Why the typo thing is really more complicated than I make it sound

I just wrote the following to Project Gutenberg:

I just encountered an interesting possible problem in your edition of Northanger Abbey, by Jane Austen.

In chapter 9, the following line appears:

so, with sniffles of most exquisite misery, and the laughing eye of utter despondency

However, in my Signet Classic printed edition, the phrase is "smiles of most exquisite misery".

I assumed at first that there had been a character-recognition error when scanning the book. But when I searched online for the phrase ["exquisite misery"], I discovered that the word "sniffles" appears in that sentence in quite a few online editions, and in one or two printed editions.

However, the majority of printed editions (especially the older ones) say "smiles"; see Google Book Search results for details. Note that editions from 1882, 1903, and 1915 all say "smiles", while a 2004 edition says "sniffles".

Also note that "smiles" fits the sentence better--"smiles of exquisite misery" matches the seemingly paradoxical structure of the subsequent phrase, "the laughing eye of utter despondency".

My printed Signet Classic edition says that its text "is based on the first edition, published by John Murray, London, in 1818."

So ... it's not inconceivable that the word really is supposed to be "sniffles." But I strongly suspect it's supposed to be "smiles."

Could you take a look, and, if you feel it's warranted, make the correction?

So, yeah, I do know that it's not always clear whether a given item is really an error or not. And there are dozens of online copies of this book that say "sniffles" (I suspect many of them got their text from Gutenberg, but none of them say so--the Gutenberg terms of service are such that, last I checked, in some contexts you're not allowed to say you got the text from them), so even if I'm right, fixing the mistake webwide would be a pretty big undertaking at this point.

Added later: I just sent them a followup note.

I've discovered further evidence:

I just looked in every Gutenberg etext of every Jane Austen novel. Unless I made a mistake, the words "sniffle" and "sniffles" don't appear anywhere else in any of her books. In fact, the word "sniff" also doesn't appear anywhere in any of her books.

Whereas the word "smiles" appears at least twice in every one of her books. [I forgot to add: and sometimes more like 10 or 15 times.]

So although the word "sniffle" did appear in English as early as the 1630s, it doesn't appear to have been part of Austen's writing vocabulary.

Thus, I'm pretty sure that the word "sniffles" in the etext of Northanger Abbey ought to say "smiles".

(See what I mean about spending too much time and energy on this stuff? But this is Austen! Someone might write a scholarly paper about her use of the word "sniffles"!)

6 Responses to “Why the typo thing is really more complicated than I make it sound”

  1. Wayman

    (See what I mean about spending too much time and energy on this stuff? But this is Austen! Someone might write a scholarly paper about her use of the word “sniffles”!)

    Albeit a very, very short scholarly paper, if you’re correct that she never actually used the word “sniffles” *grin*

  2. Zed

    I, for one, applaud your heroic efforts for correctness.

  3. Jed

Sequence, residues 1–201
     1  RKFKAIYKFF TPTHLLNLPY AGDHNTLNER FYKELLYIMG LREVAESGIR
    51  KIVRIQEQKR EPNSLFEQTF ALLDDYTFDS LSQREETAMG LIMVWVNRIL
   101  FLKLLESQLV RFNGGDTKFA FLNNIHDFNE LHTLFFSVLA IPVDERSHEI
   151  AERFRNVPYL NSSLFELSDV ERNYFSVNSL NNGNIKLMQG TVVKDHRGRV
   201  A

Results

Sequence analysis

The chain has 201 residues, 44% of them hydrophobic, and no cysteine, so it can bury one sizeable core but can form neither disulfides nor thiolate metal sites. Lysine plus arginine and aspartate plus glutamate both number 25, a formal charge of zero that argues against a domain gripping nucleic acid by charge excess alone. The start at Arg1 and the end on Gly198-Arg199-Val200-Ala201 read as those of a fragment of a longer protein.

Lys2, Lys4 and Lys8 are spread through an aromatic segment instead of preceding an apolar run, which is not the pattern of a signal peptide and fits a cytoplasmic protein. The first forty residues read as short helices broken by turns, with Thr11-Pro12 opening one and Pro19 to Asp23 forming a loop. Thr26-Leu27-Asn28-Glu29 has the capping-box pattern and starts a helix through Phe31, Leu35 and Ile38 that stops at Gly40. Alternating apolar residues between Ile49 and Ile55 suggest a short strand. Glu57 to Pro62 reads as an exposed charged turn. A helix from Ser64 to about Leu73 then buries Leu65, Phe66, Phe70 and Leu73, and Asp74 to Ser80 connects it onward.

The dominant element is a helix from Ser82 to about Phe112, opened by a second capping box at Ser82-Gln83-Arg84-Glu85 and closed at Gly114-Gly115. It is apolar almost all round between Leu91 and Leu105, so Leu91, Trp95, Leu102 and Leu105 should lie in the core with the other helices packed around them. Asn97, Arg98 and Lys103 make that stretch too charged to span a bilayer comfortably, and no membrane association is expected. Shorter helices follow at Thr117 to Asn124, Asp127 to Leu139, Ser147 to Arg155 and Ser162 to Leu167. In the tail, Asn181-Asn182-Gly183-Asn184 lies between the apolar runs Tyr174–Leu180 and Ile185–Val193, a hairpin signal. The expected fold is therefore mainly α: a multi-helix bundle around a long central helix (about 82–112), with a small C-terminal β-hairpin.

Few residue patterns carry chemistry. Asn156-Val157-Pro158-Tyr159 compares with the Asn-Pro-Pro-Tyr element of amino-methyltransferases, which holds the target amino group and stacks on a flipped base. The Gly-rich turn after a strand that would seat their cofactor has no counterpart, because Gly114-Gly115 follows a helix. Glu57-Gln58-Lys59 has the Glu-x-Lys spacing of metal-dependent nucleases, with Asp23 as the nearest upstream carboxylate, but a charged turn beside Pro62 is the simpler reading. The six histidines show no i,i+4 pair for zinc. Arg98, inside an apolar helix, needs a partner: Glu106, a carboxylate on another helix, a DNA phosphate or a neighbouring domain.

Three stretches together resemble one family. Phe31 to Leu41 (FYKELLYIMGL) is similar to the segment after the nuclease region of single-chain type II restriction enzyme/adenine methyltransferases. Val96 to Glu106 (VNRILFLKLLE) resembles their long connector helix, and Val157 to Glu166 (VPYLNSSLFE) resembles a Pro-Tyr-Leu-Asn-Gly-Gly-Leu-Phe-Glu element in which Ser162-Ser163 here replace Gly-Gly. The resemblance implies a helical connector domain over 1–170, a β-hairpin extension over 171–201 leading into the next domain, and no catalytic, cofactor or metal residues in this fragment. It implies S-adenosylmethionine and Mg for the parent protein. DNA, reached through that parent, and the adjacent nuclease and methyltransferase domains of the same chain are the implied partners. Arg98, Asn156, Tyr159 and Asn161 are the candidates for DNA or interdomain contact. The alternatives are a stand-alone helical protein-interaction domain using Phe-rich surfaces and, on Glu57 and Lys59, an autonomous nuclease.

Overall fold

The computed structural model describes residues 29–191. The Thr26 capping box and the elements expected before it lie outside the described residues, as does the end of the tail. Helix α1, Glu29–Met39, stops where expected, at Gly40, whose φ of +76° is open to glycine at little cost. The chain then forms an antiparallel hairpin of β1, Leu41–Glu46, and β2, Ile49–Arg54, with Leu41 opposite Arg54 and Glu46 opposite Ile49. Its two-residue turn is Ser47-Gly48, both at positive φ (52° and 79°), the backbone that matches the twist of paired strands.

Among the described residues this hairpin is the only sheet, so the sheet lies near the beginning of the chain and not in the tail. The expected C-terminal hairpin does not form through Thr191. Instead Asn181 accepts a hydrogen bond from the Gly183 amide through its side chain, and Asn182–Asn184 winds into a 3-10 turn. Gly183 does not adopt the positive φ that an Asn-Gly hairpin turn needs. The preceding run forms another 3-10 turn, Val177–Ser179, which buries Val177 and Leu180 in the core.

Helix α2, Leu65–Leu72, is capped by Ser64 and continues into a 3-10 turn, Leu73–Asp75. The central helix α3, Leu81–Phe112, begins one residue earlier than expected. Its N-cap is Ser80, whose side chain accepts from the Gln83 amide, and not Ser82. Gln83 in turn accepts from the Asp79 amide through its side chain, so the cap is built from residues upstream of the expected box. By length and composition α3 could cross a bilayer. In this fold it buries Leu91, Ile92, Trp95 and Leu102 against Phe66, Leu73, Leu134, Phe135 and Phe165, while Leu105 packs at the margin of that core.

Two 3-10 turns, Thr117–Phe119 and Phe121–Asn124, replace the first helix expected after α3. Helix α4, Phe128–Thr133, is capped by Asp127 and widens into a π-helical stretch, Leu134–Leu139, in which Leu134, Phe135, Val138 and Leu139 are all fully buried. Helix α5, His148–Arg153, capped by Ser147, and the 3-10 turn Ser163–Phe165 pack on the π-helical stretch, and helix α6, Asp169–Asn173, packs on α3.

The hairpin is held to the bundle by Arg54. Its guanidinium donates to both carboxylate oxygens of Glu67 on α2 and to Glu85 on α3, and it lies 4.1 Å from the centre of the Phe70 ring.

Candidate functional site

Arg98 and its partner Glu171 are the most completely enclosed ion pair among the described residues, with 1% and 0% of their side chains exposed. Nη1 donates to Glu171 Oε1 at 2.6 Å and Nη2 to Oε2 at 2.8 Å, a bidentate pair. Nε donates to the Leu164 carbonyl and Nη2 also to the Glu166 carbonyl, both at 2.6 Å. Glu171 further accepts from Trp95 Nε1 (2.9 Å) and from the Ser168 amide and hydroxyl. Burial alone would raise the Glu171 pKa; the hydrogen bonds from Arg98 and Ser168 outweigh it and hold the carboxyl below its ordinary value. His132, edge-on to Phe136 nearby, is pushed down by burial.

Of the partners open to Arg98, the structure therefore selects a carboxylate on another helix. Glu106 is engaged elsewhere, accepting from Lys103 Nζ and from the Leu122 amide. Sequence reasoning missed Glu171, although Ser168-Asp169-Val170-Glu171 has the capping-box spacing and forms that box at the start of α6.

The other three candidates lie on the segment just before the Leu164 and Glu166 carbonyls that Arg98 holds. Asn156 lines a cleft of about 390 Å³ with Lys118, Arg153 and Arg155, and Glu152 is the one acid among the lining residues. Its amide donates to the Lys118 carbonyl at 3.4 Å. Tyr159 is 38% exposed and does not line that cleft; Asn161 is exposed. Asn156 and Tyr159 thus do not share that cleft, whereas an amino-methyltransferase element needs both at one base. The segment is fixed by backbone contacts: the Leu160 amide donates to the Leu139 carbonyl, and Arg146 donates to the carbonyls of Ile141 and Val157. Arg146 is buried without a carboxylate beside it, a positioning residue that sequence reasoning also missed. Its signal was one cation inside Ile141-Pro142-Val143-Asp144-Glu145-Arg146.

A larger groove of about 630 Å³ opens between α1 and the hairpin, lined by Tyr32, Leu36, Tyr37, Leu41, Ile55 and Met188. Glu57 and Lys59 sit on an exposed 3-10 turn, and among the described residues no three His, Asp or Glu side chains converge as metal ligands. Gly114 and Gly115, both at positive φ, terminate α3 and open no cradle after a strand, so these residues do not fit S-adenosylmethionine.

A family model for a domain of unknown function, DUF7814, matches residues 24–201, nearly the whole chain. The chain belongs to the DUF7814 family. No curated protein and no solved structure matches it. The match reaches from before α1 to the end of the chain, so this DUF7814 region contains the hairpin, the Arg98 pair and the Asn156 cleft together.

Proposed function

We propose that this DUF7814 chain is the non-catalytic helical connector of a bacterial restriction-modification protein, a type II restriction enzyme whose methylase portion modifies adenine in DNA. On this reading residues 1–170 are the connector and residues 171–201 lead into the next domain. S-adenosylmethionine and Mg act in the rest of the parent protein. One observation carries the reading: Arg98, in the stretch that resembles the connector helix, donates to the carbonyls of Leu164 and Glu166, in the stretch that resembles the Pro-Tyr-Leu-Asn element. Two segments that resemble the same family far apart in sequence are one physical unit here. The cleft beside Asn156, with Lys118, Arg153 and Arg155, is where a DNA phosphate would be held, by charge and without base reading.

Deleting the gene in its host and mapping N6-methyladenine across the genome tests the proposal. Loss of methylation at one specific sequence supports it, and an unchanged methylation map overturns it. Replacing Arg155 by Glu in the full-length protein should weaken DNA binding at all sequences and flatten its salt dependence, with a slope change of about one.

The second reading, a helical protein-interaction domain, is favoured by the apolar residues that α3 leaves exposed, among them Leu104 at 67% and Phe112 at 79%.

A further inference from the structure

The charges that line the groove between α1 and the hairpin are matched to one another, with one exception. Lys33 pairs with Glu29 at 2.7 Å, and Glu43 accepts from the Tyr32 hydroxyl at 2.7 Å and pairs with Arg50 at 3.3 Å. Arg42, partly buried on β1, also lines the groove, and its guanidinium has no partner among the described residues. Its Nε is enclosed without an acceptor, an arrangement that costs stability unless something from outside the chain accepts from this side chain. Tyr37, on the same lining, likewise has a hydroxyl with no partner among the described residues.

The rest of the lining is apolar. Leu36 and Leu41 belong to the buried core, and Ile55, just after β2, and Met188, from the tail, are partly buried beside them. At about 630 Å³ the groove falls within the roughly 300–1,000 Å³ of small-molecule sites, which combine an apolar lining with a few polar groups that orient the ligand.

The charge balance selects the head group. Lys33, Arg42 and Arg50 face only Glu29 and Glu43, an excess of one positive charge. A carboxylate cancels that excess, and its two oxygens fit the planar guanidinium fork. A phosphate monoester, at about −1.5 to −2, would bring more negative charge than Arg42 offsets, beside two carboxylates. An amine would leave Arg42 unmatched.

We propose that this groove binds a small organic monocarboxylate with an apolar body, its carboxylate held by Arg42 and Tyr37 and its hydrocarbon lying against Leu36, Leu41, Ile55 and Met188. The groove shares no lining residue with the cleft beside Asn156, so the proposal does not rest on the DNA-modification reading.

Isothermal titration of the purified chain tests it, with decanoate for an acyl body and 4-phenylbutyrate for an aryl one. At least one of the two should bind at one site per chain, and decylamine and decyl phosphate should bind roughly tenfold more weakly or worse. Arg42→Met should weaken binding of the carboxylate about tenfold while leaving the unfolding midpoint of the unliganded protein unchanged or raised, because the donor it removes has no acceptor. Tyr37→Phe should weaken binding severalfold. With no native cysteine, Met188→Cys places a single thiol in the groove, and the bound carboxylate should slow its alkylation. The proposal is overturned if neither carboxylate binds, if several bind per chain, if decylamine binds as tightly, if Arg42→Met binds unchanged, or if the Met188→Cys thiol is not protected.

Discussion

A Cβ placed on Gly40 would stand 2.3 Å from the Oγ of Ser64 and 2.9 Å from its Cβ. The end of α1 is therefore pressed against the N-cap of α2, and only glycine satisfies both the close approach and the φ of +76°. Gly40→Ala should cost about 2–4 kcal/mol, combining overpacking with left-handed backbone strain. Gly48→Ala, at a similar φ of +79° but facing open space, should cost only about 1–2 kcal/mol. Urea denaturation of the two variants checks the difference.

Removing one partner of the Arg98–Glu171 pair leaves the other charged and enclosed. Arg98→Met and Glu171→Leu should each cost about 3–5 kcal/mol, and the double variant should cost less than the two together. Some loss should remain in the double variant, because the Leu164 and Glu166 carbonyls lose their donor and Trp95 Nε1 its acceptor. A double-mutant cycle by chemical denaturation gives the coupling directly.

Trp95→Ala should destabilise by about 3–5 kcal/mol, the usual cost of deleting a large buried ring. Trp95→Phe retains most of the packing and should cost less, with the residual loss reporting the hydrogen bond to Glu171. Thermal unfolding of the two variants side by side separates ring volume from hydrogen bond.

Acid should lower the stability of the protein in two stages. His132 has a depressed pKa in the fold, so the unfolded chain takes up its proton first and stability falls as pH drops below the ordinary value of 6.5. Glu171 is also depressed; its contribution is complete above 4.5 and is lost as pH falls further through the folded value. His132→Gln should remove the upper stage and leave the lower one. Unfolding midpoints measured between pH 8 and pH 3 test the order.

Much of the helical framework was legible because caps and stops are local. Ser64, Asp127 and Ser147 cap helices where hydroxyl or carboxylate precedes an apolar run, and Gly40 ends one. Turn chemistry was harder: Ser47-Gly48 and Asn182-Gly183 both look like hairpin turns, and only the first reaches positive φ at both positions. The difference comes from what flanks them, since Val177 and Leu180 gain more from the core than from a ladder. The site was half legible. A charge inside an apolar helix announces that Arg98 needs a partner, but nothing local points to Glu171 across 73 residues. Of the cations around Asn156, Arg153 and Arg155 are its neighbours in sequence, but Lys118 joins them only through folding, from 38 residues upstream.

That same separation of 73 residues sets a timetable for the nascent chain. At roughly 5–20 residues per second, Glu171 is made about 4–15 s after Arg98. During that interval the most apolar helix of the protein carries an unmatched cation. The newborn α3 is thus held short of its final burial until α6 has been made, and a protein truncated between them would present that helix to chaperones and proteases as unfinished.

Wayman: Oh, sorry for my phrasing there–what I meant was that if it remained uncorrected, then someone might use the Gutenberg version as evidence that Austen had in fact used the word “sniffles,” and might base a paper on that idea.

    Relatedly, I just discovered that The Free Dictionary uses this Austen line as one of its “References in classic literature” to the word “sniffles.”

    Fortunately, my journal entry here is now the third Google search result for [Austen sniffles] (is that anything like Telemachus Sneezed?), so any researcher who’s looking for info about Austen’s use of the word will doubtless come across this entry and be properly warned.

    Zed: Thanks!

  4. Fred

    If you want to fix the issue more permanently, you could contact an Austen scholar via email. I think that would do the best job of ensuring that future editions don’t have this typo. Academics are even more interested in such things than you are 🙂

  5. Jed

    Fred: Good idea, but unfortunately finding contact info for Austen scholars isn’t as easy as I would have expected. I Googled [“Austen scholar”] and came up with a couple of likely names, but none of them seem to have websites or contact info available online. I suppose I could contact the Jane Austen Society of North America or other such organization, but that seems like it wouldn’t have quite the same impact or likelihood of response to such a tiny detail.

    So, if any Austen scholars (or, as one such calls herself, “Austenian scholars”) happen across this page, lemme know if you can shed any light on the “sniffles” issue. I would be particularly interested in finding out where, when, and why the divergence occurred. I imagine anyone with access to a sufficiently large collection of editions of Northanger Abbey could find out the where and when pretty easily, but I don’t care quite enough about this issue to try to pursue it much further on my own.

  6. Laura Carroll

    It’s definitely ‘smiles’. No question. Books reprinted this often (and so carelessly, sometimes) acquire all kinds of strange typos in the course of their lives. This one has no textual authority.


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